The shaft 15 is preferably supported by conventional means (not shown) holding it in the horizontal operating position illustrated and permitting it to be in a vertical position when it is not rotating.

The inner surfaces of the two halves 10 and 11 of the mold define the complete external shape of the tire which is to be manufactured. A typical tire 20 is illustrated in FIG. 2, and has the general shape of a hollow toroid, including a thick tread 21, which may include conventional antiskid tread grooves 22, sidewalls 23, and a wheel-supporting portion 24 which engages the rim of the wheel on which it is to be used.

Correspondingly, the halves of the mold may each have internal ribs 13 to form the tread grooves, and radially inner surfaces 14 corresponding to the shape of the wheel rim. The halves are preferably provided with mating conical surfaces 25 to assure concentricity, and should fit tightly so that the liquid elastomer will not leak.

In manufacturing a tire in accordance with this invention, the mold is preferably tilted with its shaft 15 vertical and is opened. A measured charge of liquid elastomer material, such as an elastomeric polyurethane mix, is poured into the cavity of half mold 10 and the other half mold 11 is placed against it and clamped. The mold is then restored to its operating position with shaft 15 horizontal as shown in FIG. 1 and slow rotation is started, at about 10 to 30 revolutions per minute.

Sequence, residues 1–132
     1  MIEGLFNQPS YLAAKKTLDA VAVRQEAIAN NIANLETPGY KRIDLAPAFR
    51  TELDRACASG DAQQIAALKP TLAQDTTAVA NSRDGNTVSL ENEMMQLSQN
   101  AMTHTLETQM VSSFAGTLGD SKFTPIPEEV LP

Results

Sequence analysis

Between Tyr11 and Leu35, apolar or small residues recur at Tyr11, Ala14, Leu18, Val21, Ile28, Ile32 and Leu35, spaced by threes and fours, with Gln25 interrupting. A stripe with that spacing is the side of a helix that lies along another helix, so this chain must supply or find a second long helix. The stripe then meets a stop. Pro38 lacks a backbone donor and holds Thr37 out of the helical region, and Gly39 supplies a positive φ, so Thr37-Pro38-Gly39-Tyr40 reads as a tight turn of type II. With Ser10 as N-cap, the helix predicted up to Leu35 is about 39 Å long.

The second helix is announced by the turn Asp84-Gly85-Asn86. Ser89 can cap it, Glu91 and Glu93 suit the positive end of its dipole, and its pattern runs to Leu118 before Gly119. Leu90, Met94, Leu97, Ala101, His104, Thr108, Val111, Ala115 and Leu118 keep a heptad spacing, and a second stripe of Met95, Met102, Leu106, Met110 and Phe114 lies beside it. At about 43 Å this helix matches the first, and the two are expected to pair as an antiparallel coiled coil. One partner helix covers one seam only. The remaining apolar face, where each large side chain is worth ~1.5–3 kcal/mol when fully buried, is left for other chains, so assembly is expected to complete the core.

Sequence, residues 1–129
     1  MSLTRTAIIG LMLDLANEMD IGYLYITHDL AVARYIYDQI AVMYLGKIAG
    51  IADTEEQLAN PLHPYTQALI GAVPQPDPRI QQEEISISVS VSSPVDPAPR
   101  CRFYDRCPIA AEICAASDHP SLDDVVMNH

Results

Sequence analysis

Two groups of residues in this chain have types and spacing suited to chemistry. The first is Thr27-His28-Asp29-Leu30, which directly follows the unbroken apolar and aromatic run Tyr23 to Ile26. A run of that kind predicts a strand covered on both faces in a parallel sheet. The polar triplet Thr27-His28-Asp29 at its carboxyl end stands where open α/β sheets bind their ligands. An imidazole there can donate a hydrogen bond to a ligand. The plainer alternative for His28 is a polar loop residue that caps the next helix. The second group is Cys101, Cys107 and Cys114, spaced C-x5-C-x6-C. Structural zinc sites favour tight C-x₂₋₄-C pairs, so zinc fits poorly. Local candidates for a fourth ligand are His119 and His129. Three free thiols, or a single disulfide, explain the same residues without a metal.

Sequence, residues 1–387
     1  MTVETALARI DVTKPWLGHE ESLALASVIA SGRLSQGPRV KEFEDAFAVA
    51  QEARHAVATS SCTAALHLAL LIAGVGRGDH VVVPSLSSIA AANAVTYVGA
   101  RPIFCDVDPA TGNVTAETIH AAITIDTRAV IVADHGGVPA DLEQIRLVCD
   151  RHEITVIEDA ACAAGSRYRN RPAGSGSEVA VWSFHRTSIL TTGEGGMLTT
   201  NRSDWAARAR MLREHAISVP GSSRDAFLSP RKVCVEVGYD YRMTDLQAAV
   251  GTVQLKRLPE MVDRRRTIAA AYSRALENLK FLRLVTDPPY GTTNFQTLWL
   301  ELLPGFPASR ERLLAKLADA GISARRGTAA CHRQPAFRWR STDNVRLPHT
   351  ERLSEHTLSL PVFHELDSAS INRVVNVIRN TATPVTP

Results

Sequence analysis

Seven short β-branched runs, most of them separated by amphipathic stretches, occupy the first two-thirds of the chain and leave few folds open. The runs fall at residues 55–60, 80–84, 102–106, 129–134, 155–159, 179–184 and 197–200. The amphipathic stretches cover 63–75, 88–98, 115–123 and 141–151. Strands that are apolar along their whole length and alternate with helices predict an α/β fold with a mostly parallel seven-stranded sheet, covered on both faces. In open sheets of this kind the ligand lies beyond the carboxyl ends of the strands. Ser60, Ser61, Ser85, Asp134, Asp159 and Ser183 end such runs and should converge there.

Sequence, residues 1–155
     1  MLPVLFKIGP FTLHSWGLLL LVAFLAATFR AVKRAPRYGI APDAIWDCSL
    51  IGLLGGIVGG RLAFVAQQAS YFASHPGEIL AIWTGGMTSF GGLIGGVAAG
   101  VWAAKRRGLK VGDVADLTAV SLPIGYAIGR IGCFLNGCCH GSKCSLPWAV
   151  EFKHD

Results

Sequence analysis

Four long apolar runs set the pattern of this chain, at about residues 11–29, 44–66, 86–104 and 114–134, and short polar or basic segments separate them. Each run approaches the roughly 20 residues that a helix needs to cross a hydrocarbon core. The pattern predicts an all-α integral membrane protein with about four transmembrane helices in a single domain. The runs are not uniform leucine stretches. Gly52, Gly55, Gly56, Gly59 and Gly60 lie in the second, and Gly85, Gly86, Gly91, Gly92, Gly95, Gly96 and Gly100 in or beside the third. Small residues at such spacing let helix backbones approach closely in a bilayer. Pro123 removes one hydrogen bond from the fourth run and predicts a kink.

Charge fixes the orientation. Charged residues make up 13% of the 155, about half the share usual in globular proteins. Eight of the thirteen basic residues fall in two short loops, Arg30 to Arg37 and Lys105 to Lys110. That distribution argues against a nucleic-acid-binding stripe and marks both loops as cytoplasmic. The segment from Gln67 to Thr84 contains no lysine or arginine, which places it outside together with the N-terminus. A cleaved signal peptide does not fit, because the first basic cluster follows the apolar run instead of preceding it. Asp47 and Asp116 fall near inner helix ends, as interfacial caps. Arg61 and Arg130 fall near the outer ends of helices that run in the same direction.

Heat is applied at the same time that rotation is started. Any conventional means may be used, provided it is capable of bringing to a uniform temperature the portions of the mold which are intended to produce a deposit of elastomer of uniform thickness. The mold should accordingly be free from unintended barriers to conduction of heat, as well as from unintended heat sinks.